Lonely Planet's new adventure guide to global thrills

Dune boards: Tearing up the surreal dunes of Swakopmund, Namibia. Picture: Klaus Brandstaetter, Getty Images.
Dune boards: Tearing up the surreal dunes of Swakopmund, Namibia. Picture: Klaus Brandstaetter, Getty Images.

With 9 million Australians travelling overseas every year, there is no question we are always looking for the next best adventure. Lonely Planet, always respected in Australia, has just launched a new guide for the adventurous.

Lonely Planet’s Atlas of Adventure is an action-packed showcase of the best outdoor experiences in more than 150 countries across the globe. It features inspiring photography, maps, interviews and expert authors –  the ultimate introduction to a thrilling new world of adventure.

There are 18 pages of Australian adventures, including climbing, kayaking, skiing, surfing, road cycling, mountain biking, trail running, camel trekking and whitewater rafting (in the Barrington Tops). 

Here are some tasty excerpts of world adventures in the Lonely Planet guide.

Dune Boarding. The Namib is the world’s oldest desert, but there’s a new way to experience its dunes: on a board. Not far from Namibia’s coastal town of Swakopmund, one of southern Africa’s top adventure-activity capitals, there are mountains of sand that provide perfect slopes to carve down. When you first set eyes on the dunes towering hundreds of feet into the blue African sky, you’ll begin to buzz with anticipation, though it’s wise to conserve a little energy – your journey of joy starts with some hard work: a hike up to your launching point. With board, gloves and goggles in hand, you’re eventually staring down over some serious off-piste action.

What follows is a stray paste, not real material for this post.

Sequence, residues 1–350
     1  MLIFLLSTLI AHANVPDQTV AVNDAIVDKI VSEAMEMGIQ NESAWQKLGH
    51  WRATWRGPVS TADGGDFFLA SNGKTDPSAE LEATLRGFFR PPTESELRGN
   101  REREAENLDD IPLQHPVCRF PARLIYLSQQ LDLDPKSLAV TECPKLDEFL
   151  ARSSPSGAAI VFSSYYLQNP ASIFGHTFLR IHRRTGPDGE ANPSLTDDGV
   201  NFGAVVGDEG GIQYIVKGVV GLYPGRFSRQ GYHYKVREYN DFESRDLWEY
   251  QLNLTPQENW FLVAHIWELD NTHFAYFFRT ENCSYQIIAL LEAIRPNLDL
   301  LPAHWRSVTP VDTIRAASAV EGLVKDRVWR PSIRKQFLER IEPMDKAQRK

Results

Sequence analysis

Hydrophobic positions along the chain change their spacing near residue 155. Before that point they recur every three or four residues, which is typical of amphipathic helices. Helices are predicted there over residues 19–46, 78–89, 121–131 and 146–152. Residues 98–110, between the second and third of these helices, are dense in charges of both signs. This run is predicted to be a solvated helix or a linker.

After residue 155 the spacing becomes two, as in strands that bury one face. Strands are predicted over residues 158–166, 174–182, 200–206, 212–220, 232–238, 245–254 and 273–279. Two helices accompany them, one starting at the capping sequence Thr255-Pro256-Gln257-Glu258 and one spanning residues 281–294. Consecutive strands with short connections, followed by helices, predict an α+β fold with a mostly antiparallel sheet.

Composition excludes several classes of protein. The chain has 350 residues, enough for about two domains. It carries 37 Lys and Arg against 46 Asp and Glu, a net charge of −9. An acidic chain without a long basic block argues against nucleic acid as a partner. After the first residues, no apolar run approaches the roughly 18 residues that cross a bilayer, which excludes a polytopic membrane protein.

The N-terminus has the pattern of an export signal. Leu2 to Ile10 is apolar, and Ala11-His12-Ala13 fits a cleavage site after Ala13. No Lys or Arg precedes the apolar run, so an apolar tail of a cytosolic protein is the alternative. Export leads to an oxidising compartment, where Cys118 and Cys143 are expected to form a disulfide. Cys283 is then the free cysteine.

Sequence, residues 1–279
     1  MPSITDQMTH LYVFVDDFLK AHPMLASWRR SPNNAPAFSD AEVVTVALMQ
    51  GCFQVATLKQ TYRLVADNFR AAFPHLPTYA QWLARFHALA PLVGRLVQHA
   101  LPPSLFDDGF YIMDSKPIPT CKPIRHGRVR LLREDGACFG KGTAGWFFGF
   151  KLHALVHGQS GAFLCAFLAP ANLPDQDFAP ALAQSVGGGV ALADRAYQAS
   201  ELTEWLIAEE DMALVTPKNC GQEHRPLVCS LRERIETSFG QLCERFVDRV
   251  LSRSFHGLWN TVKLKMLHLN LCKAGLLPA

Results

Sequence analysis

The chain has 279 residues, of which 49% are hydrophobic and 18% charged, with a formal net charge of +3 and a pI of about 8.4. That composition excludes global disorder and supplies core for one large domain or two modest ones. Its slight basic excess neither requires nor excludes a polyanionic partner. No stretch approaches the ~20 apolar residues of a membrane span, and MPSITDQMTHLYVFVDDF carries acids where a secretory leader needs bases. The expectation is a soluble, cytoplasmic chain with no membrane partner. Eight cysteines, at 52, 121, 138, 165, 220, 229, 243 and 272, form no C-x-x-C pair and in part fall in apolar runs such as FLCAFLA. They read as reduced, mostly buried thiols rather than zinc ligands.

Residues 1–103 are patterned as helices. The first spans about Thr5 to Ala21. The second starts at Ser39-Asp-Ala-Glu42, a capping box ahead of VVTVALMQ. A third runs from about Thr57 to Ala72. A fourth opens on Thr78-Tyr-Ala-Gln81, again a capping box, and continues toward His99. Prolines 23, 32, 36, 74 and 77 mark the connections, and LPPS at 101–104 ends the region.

Bog-walking. Mires cover a fifth of mainland Estonia, and play an important role in the country’s folklore. During summer, strap on a pair of bog shoes (like snowshoes) and enjoy an amble around these mysterious peaty domains, which are 10,000 years old and boast unique wildlife. Top bog walks include Lahemaa and Viru in the north, and Soomaa and Matsalu in the south.

EstoniaBog-walking: Walking through the Viru bogs at Lahemaa National Park. Anna Grigorjeva/Shutterstock

EstoniaBog-walking: Walking through the Viru bogs at Lahemaa National Park. Anna Grigorjeva/Shutterstock

Bouldering. An hour south of Paris is the best, most famous and historic bouldering area in the world: Fontainebleau. Imagine all the things that would make for a perfect bouldering area – flat, sandy landings, endless boulders, soft-on-the-skin sandstone, unique shapes, densely concentrated problems – and you find it here. Originally considered a training ground for the Alps, bleausards (local climbers) have been bouldering here for more than 100 years, and it’s considered a rite of passage to get burnt off by geriatric (but well-muscled) bleausard, who generally have all the classics wired.

Coasteering. An exciting combination of scrambling, jumping, wild swimming and free climbing, coasteering involves traversing the intertidal zone of a section of coast without using a boat, board or ropes. Participants expect to get wet and meet jagged rocks, and wear appropriate safety clothing: typically a wetsuit, helmet and footwear. The concept was coined in 1986 by Andy Middleton, director of TYF Adventure in Pembrokeshire, Wales. and now the pursuit is offered by hundreds of UK operators.

Canoe Safari. With each stroke of the paddle you’ll know that you are stirring a river where giants lurk in Zambia. And although the canoe is gliding ever-so-silently across the water’s still surface, you quickly get the feeling that you are being watched. Eyes of hippos and crocodiles pop up here and there, vanishing beneath the surface as swiftly as they appear. The mighty river’s banks in Lower Zambezi National Park are no less dramatic, with prowling lions, hulking elephants and a plethora of birdlife. Considering the closeness of the encounters, the experience feels as intimate as it does alarming. Unforgettable.

RunSwim. A Swedish invention, RunSwim is exactly what it says: you run to a lake, swim across it, get out, run to the next lake and so on. Based on a bet made in 2002 – now a sport that, like IKEA, is spreading across the world – the course for the original wager became the ÖtillÖ race and the World Championship event. The 75km distance is split into 65km of trail running across 26 islands, punctuated by a total of 10km of open-water swimming between them. One of the world’s toughest one-day endurance races (if only for the chaffing), there’s an even heavier-duty test in the new six-day Stockholm Archipelago Ultraswimrun Challenge, where competitors complete a total of 260km, of which 40km are swum between 70 islands.